To Autumn Questions and Answers
by John Keats

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What is the theme of "To Autumn"?

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Ostensibly, Keats's "To Autumn" is a paean of praise to this most inspirational of seasons. But, as is always the case with Keats, there is considerably more to this than meets the eye—a richer, more complex vision lurking beneath the opulent pleasures of nature, bursting to shine forth.

A recurring theme in Keats's odes is the fragility and transience of the natural world. And we encounter it once again here. Keats delights in providing us with lush descriptions of this "season of mists and mellow fruitfulness," while at the same time recognizing that the season, like each one of us, must one day pass, no matter how beautiful it is. But this shouldn't cause worry; new life will emerge from the old in a never-ending cycle of death and rebirth:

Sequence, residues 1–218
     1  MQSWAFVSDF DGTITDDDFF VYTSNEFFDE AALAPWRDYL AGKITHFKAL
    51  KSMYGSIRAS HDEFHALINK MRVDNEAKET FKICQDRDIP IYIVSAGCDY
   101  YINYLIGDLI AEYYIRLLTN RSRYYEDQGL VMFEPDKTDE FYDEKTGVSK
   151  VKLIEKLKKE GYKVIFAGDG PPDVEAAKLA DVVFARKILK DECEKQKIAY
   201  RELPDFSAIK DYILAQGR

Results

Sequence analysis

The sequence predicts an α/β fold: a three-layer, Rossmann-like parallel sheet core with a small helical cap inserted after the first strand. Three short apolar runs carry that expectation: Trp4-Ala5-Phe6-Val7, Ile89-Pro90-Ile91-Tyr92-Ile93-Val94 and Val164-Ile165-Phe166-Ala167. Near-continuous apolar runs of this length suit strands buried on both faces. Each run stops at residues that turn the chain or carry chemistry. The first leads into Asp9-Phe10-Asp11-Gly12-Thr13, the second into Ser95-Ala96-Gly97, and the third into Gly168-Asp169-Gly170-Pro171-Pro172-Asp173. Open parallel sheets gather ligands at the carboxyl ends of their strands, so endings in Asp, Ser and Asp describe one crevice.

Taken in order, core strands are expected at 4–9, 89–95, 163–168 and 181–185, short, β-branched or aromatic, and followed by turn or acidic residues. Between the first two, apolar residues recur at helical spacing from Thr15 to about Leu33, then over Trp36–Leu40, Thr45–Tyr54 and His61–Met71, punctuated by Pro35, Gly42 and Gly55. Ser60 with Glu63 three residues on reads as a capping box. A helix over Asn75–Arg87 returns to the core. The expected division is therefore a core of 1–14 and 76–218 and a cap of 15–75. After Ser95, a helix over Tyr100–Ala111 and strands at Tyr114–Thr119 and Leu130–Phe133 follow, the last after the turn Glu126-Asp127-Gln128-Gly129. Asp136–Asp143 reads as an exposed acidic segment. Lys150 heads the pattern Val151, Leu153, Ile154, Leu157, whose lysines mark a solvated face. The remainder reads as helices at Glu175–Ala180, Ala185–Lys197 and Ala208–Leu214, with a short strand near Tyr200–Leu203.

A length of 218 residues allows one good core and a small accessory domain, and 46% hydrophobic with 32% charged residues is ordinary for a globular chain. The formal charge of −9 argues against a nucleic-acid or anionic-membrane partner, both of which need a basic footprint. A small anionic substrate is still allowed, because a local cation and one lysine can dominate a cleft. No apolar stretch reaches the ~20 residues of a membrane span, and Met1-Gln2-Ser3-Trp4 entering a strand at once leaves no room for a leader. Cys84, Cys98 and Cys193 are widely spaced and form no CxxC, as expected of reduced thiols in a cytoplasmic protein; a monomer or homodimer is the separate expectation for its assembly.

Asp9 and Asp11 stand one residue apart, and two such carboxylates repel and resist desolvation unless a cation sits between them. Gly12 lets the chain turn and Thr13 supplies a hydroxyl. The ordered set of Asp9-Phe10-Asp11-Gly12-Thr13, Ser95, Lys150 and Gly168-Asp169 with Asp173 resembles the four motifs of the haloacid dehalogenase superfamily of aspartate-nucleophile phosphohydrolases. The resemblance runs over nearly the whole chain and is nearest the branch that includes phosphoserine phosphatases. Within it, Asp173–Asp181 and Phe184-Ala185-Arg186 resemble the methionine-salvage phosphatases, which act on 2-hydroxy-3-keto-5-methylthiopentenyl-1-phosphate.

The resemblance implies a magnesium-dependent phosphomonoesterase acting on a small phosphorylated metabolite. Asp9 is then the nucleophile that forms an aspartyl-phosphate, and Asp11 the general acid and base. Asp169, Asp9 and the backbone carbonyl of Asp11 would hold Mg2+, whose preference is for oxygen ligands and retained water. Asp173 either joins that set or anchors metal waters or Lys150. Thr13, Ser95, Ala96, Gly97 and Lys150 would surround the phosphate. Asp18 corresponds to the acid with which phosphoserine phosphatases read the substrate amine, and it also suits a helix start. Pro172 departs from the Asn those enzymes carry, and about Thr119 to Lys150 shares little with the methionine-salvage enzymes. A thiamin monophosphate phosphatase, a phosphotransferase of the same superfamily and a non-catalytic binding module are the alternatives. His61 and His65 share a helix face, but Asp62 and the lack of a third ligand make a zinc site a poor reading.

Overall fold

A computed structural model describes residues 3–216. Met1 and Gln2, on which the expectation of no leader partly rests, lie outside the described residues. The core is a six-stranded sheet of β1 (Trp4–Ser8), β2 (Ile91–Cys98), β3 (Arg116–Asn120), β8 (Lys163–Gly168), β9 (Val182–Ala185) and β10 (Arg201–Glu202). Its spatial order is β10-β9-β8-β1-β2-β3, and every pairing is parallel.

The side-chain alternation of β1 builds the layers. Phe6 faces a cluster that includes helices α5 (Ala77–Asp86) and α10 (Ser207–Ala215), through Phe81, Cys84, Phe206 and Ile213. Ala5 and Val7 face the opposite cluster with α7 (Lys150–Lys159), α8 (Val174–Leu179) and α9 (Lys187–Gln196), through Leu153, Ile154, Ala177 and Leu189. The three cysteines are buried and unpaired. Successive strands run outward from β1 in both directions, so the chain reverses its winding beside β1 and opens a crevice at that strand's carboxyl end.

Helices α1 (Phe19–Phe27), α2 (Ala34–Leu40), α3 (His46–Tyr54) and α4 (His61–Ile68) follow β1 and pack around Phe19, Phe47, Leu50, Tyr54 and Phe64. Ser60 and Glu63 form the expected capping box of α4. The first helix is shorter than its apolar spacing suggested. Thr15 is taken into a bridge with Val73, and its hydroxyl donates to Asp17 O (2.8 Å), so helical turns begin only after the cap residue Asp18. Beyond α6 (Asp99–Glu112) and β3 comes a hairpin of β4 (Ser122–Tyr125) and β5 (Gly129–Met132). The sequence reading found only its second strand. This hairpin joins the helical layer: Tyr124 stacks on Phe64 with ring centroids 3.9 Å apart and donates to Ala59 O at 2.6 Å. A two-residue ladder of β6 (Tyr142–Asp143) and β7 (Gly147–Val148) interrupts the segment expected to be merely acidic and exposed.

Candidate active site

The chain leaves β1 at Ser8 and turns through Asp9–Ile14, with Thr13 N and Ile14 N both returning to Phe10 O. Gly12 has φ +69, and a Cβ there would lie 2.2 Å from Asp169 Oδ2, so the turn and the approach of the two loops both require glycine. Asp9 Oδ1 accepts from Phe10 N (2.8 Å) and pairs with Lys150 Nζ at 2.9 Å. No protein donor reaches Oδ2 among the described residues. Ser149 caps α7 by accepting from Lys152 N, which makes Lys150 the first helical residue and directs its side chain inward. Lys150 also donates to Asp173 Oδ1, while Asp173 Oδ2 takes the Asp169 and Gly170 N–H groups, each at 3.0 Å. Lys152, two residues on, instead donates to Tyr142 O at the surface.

And full-grown lambs loud bleat from hilly bourn; 
   Hedge-crickets sing; and now with treble soft 
   The red-breast whistles from a garden-croft
      And gathering swallows twitter in the skies.
The season is drawing to a close, but nature is blossoming into full maturity as it points toward the onset of winter. The lambs are now "full grown," and the swallows are starting to gather in the skies.
Nature is so remarkably fruitful in all its variety. At times, it threatens to overwhelm us with the sheer scale of its fecundity. Man is the junior partner here; in his relationship to nature it is the world of the animals, the clouds, and the sweet, luscious fruit that dominates. In the midst of this endless cycle of seasonal change, there is nothing we can do but stand and admire. We must simply sit back and, in our reverie, enjoy the joyous bounties of nature, our sadness at their passing tinged with a realization that they will one day return.
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